Traveling Light – Part 3

by Steve Brock on December 21, 2011

The example at the Feast of Lights, of a single candle burning in the dark whose flame then passes to others and so on until the whole of the space is illuminated, is much the same as with our trips. Each trip starts as a singular event, complete in of itself, much like that single candle. But then, it becomes much more.

Each trip is like one of these flames, burning on its own but illuminating much more

I remember a trip as a kid where we visited the Shasta Caverns in Northern California. At one point, deep in these caves, our guide warned us that he was about to turn off the lights. And so he did. He then informed us that we stood in total darkness with no possible trace of light. And so we did.

It’s a rather eerie sense, not because it is all that much darker than the darkest night or a room with no windows, but because of the realization of complete absence. We inherently fear most not what we don’t have, but what we do have that we might lose. This explains in part why sightless people when surveyed on average are willing to pay much less to regain their sight than sighted people are to prevent losing theirs. Thus, it wasn’t so much the dark that was unnerving as the removal of the light.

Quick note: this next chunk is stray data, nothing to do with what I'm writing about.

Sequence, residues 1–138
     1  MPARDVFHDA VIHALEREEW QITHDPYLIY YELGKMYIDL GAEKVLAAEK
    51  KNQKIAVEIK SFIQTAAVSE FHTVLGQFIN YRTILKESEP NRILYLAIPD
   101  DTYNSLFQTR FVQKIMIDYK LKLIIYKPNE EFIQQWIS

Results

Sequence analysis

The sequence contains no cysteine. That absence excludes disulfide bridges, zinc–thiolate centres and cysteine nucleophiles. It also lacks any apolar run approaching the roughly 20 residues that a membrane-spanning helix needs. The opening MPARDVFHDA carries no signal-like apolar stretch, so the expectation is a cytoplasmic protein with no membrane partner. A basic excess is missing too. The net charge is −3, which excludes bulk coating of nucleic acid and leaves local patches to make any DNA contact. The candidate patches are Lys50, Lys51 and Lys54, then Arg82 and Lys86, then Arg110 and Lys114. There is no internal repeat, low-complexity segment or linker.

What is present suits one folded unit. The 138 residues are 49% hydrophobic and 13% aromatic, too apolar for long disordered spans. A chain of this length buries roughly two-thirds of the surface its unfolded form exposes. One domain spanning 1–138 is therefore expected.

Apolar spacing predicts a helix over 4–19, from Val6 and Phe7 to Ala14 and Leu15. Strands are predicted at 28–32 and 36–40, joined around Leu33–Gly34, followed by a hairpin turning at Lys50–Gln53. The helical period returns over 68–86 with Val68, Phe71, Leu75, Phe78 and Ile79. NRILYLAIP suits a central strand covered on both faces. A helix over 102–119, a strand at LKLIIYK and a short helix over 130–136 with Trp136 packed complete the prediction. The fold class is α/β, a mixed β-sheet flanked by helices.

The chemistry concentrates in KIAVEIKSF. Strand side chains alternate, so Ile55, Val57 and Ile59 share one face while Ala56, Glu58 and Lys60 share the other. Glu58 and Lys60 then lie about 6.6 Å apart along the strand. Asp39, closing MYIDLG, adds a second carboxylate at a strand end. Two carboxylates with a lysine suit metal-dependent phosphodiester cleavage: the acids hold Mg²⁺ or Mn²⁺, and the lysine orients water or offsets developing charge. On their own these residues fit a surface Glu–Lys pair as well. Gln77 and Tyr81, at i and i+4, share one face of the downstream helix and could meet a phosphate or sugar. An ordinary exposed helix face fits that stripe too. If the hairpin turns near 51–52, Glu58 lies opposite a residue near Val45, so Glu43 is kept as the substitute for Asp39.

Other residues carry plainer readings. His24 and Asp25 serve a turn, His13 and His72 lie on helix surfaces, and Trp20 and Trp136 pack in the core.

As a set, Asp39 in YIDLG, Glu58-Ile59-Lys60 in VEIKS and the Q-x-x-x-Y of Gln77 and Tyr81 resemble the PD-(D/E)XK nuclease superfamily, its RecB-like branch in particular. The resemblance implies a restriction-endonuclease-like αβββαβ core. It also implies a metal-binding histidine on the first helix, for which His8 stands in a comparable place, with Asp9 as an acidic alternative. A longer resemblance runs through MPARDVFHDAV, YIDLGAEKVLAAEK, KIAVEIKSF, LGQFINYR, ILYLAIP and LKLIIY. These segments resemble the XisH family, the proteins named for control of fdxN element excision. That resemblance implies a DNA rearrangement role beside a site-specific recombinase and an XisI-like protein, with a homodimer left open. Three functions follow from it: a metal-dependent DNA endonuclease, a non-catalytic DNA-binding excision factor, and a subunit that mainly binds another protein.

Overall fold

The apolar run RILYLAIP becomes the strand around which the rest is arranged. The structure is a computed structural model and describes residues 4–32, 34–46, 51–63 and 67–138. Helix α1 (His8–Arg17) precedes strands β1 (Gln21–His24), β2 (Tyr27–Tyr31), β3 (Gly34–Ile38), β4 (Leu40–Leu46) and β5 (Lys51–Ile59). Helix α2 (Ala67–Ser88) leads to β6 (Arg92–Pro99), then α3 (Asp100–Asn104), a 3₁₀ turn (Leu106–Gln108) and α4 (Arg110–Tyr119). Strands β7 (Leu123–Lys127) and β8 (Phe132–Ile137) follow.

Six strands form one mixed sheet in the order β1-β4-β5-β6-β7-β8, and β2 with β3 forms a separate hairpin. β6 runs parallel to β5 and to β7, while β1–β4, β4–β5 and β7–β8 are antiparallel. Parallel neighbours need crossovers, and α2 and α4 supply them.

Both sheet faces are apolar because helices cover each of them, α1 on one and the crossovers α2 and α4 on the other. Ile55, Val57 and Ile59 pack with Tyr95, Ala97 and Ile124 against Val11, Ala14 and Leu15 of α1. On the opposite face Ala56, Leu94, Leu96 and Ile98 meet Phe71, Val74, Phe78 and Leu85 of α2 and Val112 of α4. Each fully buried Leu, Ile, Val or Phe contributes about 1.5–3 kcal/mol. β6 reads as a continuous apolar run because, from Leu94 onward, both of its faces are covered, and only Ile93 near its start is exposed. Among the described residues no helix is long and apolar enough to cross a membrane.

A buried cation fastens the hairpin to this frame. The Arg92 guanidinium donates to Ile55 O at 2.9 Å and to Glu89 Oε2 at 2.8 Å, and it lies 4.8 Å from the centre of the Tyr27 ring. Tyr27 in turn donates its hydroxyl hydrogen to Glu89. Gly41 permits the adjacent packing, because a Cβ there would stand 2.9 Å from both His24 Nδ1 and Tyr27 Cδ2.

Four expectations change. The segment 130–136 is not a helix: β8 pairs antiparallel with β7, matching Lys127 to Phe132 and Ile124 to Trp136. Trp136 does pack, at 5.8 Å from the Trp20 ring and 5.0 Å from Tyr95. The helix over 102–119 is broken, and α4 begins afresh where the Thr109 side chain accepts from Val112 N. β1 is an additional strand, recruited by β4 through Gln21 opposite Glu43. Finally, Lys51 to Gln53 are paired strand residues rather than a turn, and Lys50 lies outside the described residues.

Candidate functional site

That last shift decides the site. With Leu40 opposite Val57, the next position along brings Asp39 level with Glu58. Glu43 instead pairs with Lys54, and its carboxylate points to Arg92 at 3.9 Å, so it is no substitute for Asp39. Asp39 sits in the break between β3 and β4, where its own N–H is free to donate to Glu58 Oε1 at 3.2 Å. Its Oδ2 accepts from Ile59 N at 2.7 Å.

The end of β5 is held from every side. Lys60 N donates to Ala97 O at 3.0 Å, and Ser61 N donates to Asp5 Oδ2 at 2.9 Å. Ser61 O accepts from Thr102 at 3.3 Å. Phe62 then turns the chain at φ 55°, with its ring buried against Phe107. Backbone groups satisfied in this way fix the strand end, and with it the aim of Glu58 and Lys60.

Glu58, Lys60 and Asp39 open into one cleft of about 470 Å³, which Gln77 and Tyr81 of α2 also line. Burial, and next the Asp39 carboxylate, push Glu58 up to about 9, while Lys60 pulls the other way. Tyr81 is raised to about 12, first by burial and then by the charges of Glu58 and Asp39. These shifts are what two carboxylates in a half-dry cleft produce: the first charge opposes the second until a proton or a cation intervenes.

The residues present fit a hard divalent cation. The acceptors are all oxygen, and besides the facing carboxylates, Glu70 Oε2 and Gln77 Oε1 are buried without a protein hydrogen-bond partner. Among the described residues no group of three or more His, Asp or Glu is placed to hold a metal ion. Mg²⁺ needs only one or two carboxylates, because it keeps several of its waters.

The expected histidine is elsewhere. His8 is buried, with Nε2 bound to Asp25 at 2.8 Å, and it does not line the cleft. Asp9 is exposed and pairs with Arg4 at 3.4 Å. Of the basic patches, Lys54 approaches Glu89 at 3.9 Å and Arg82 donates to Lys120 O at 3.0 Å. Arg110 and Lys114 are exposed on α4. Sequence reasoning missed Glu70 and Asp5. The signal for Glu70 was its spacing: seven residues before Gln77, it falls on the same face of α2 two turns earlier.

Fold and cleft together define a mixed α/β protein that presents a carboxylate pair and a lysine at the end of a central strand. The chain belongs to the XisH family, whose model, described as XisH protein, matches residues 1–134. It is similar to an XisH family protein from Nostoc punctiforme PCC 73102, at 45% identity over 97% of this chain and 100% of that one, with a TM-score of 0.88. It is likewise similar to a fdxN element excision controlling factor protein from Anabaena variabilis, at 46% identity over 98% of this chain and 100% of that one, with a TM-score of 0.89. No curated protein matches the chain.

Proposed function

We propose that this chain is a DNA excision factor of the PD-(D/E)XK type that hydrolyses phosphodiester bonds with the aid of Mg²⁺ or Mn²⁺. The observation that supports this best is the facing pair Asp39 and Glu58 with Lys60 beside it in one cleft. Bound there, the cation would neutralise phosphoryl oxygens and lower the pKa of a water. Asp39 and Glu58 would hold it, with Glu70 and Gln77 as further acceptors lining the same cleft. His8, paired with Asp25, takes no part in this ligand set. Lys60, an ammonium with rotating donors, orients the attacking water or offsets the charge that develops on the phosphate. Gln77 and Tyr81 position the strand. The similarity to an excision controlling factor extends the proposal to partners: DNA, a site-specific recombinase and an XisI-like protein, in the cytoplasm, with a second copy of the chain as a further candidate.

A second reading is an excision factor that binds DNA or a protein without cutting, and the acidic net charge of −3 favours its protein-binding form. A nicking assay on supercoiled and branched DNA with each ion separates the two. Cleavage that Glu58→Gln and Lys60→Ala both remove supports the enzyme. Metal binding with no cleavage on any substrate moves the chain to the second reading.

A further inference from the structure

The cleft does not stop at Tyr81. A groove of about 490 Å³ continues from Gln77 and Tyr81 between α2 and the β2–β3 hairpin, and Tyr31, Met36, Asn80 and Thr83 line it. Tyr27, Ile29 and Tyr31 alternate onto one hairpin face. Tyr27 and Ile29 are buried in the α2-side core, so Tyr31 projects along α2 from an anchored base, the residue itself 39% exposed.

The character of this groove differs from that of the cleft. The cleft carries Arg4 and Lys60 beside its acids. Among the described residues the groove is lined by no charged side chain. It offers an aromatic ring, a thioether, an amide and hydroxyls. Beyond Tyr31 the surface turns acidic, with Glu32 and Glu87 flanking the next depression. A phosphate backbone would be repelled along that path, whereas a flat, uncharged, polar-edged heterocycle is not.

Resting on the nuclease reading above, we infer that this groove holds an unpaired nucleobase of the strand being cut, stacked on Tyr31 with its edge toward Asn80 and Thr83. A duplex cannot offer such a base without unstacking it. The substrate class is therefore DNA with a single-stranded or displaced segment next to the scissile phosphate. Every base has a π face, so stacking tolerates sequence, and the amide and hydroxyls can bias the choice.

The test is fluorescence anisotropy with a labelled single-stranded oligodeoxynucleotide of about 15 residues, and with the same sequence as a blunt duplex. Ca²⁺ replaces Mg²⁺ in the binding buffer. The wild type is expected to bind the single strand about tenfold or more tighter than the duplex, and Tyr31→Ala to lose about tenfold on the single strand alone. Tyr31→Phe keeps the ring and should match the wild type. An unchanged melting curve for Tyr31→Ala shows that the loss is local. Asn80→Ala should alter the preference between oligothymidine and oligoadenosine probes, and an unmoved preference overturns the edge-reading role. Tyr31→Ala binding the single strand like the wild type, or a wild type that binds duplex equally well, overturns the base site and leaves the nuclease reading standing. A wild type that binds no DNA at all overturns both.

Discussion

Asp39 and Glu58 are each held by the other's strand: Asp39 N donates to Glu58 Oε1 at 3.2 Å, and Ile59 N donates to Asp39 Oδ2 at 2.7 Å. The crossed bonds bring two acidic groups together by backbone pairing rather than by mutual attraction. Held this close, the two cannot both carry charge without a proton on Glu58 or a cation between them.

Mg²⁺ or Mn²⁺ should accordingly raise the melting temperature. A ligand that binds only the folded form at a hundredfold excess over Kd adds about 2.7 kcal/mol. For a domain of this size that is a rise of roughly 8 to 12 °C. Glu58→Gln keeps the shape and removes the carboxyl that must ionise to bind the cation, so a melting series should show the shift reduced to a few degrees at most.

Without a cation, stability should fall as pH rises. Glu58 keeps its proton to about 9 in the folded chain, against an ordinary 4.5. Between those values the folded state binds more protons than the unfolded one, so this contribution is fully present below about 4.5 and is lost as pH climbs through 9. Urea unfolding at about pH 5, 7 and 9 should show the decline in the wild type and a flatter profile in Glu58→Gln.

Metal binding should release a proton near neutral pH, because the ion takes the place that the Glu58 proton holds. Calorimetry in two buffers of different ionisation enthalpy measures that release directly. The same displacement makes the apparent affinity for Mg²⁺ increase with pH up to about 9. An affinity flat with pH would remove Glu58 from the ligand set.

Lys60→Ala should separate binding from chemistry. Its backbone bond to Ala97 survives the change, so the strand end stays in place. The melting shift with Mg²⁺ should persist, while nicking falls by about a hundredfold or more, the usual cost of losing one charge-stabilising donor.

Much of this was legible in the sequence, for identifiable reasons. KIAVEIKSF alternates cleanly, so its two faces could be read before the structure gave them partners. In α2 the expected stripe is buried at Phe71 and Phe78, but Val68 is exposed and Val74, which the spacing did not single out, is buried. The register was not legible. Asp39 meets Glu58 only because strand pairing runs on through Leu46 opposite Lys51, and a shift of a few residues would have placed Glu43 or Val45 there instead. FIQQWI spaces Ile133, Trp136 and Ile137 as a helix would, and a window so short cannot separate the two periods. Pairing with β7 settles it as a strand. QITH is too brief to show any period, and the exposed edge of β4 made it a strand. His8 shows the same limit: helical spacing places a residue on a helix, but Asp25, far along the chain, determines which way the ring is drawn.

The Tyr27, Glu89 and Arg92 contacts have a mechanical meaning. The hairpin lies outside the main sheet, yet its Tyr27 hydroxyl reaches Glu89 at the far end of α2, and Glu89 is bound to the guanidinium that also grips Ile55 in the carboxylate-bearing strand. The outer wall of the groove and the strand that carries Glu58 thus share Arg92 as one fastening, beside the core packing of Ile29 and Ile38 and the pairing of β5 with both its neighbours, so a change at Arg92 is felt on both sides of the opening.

Then, as we were all getting sufficiently spooked out by the absolute gloom engulfing us, our guide lit a match. In a well lit room, you will barely note the light created by a match. In our dark cavern, however, that one small flame seemed like a 500 watt bulb. So much light from such a small, singular source.

And so it is with our trips. Each trip – even a short day excursion to a place a few miles from home – can encompass more than you would think. And like the match in a bright room, comparisons to the exotic destinations of other travelers may not seem to fare well. But that doesn’t matter: the experience of your trip – no matter where or for how long – is yours. As such, it blazes at the time like the match in the cave and enlightens your memories from that point on.

The best part is that none of our experiences stand alone. We do not live our trips – even solo ventures – in isolation. Like the candles at the Feast of Lights, each passes to the next, one trip building on another. Over time, a singular event leads to another and so on until we look back and come to an enlightening realization: all our trips are more than individual travel experiences.

They have become the building blocks of who we are. We are ablaze with the cumulative experience of all we have seen and become as a result.

 

If you haven’t read them yet, here are links to Part 1 and Part 2 of this series.

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